Abstract and Keywords
To achieve behavioural goals, relevant sensory stimuli must be processed more quickly and reliably than irrelevant distracters. The ability to prioritize relevant over irrelevant stimuli is usually referred to as selective information processing, or selective attention. Over the last 50–60 years, there has been an ongoing debate about the point along the sensory–response processing stream at which selective attention operates: are relevant and irrelevant inputs segregated early in processing based on low-level featural differences, or does this segregation occur late in processing after the meaning of each stimulus has been computed? As with nearly all dichotomies in psychology, the emerging consensus is that neither extreme is correct. Instead, depending on task demands, the mechanisms of selective attention can flexibly operate on the quality of low-level sensory representations as well as on later stages of semantic analysis and decision-making.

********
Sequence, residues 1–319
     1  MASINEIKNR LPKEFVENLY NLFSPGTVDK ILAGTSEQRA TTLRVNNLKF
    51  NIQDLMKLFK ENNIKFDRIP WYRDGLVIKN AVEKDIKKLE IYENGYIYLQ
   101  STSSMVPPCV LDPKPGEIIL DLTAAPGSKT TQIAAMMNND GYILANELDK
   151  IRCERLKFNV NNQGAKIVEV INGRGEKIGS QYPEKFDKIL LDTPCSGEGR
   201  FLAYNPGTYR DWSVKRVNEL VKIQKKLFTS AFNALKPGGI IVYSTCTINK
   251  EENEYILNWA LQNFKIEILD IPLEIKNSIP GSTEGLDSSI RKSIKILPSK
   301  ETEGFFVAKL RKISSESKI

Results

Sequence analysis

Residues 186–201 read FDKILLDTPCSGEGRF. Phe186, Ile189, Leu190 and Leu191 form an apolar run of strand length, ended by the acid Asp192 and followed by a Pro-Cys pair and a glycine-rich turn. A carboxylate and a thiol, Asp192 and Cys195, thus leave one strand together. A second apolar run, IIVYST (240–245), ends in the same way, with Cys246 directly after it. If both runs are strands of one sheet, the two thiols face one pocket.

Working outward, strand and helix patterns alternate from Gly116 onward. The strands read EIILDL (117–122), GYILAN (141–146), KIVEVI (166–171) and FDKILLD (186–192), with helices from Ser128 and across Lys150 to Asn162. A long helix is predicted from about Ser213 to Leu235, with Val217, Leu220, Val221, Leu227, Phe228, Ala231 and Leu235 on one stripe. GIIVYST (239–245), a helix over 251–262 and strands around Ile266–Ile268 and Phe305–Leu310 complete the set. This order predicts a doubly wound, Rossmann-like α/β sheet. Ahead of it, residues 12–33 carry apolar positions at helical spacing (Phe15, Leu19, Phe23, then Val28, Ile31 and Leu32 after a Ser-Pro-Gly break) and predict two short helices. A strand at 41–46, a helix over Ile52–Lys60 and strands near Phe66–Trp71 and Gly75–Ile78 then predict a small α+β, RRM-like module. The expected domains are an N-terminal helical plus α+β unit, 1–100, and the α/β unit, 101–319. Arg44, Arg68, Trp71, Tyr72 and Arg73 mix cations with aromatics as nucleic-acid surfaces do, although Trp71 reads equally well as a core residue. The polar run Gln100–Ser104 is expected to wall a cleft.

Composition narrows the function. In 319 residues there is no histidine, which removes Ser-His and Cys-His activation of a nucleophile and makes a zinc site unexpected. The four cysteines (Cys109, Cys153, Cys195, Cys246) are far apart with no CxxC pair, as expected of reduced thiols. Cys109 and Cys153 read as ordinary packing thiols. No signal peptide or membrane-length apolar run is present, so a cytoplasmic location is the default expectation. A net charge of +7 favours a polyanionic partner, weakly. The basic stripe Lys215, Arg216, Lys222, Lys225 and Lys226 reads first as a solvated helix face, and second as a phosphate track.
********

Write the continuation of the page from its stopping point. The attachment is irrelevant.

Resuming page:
Access to the complete content on Oxford Handbooks Online requires a subscription or purchase. Public users are able to search the site and view the abstracts and keywords for each book and chapter without a subscription.
If you have purchased a print title that contains an access token, please see the token for information about how to register your code.